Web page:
Christie, Paul debate GOP's future

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Two of the leading contenders for the Republican presidential nomination in 2016 are clashing over the future of the Republican Party. [WATCH VIDEO]

New Jersey Gov. Chris Christie (R) took direct aim at Sen. Rand Paul (R-Ky.) in a speech Thursday, denouncing the emerging "strain of libertarianism" on national security in the GOP as "very dangerous."


The jab drew a swift counterpunch from Paul, who defended his criticism of National Security Agency programs.

"Christie worries about the dangers of freedom. I worry about the danger of losing that freedom. Spying without warrants is unconstitutional," he tweeted.

The feuding between the two men reflects a debate that will be raging in the GOP through 2016, when the party decides on a new standard-bearer.

Both Christie and Paul are seen as contenders for the nomination. Christie would be the more centrist candidate compared to Paul, a fiscal conservative known for his criticism of drones and foreign aid.

Recent polls have given a conflicting picture of the GOP field. While one showed Christie in the lead, another put Paul ahead of the pack.

Christie adviser Mike DuHaime said the New Jersey governor's remarks were in response to a Thursday House vote on the NSA programs and shouldn't be interpreted in the context of a possible presidential run.

He dismissed the suggestion that Christie's comments were meant to convey that he doesn't see a place for libertarians in the party. Such an inference, he said, was an "attempt to overanalyze" Christie's response.

"[His comments] were simply about the NSA vote and what that means and where that goes, and any attempts to overanalyze this are a mistake," he said.

But Paul's camp is pushing back hard, saying Christie was off-base in suggesting the debate over government surveillance was "esoteric." 

“If Gov. Christie believes the constitutional rights and the privacy of all Americans is ‘esoteric,’ he either needs a new dictionary, or he needs to talk to more Americans, because a great number of them are concerned about the dramatic overreach of our government in recent years," said Paul adviser Doug Stafford.

Stafford cited Bruce Springsteen, one of Christie's favorite musicians, to drive the point home.

“In the words of the governor’s favorite lyricist, ‘You know that flag flying over the courthouse, means certain things are set in stone. Who we are, what we’ll do and what we won’t.'”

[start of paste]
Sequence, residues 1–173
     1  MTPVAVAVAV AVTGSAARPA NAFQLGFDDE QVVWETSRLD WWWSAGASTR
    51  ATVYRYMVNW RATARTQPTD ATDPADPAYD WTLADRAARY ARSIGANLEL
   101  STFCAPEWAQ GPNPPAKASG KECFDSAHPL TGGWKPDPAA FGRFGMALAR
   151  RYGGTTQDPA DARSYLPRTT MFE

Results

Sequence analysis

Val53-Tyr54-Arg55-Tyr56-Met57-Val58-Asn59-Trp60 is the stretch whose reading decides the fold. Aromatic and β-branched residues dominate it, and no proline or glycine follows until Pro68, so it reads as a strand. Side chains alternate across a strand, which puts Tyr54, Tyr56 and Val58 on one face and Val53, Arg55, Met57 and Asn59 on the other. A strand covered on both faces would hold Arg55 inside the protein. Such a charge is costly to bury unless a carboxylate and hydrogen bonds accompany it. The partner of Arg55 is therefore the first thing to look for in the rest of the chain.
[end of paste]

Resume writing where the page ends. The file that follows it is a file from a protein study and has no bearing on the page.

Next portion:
The House this week narrowly defeated an amendment to a Defense spending bill that would have prevented the NSA from conducting surveillance on people who are not under investigation. The White House and congressional leaders in both parties opposed the amendment. 

Christie made his critical remarks during a discussion of that vote at an event sponsored by the Aspen Institute.

"This strain of libertarianism that's going through parties right now and making big headlines I think is a very dangerous thought," Christie said. 

Asked if he was referring to Paul, Christie said: "You can name any number of people, and he's one of them." 

Christie mounted a full-throated defense of the NSA programs, arguing that President Obama did not shut them down after succeeding President George W. Bush because they work. 

He then said those opposed to the programs should explain their beliefs to families of those killed in the Sept. 11, 2001, attacks. 

"These esoteric, intellectual debates — I want them to come to New Jersey and sit across from the widows and the orphans and have that conversation. And they won't because that's a much tougher conversation to have," he said.

Christie said proponents of blocking the program would regret their stance if another terrorist attack happened.

"The next attack that comes, that kills thousands of Americans as a result, people are going to be looking back on the people having this intellectual debate and wondering where they put …" Christie said before ending his thought. 

DuHaime said that Christie's experience as a U.S. attorney and governor of a state with heightened security concerns following 9/11 inform his views on national security issues, and that the comments were simply a reflection of that experience.

The New Jersey governor's aggressive style has long endeared himself to conservatives, but he has faced a backlash over the past year because of what they say is his overly cozy relationship with President Obama.

The governor has toured New Jersey with Obama multiple times to appraise the reconstruction efforts following Hurricane Sandy and praised the president's response to the storm just a few weeks before the 2012 election, infuriating conservatives who saw it as a blow to Mitt Romney's candidacy.

DuHaime said he wasn't concerned about potential backlash from Christie's latest comments, citing his defeat of a primary challenger and lead in the polls in his bid to be reelected governor of New Jersey.

"I'm completely unworried about how Gov. Christie is doing among conservatives," he said.

He indicated that, if anything, the comments were a reflection of the governor's infamous proclivity for "saying what he thinks."

"The governor does his job; he says what he thinks, and he'll leave everybody else to overanalyze it," he said.

— This story was first posted at 8:30 a.m. and has been updated.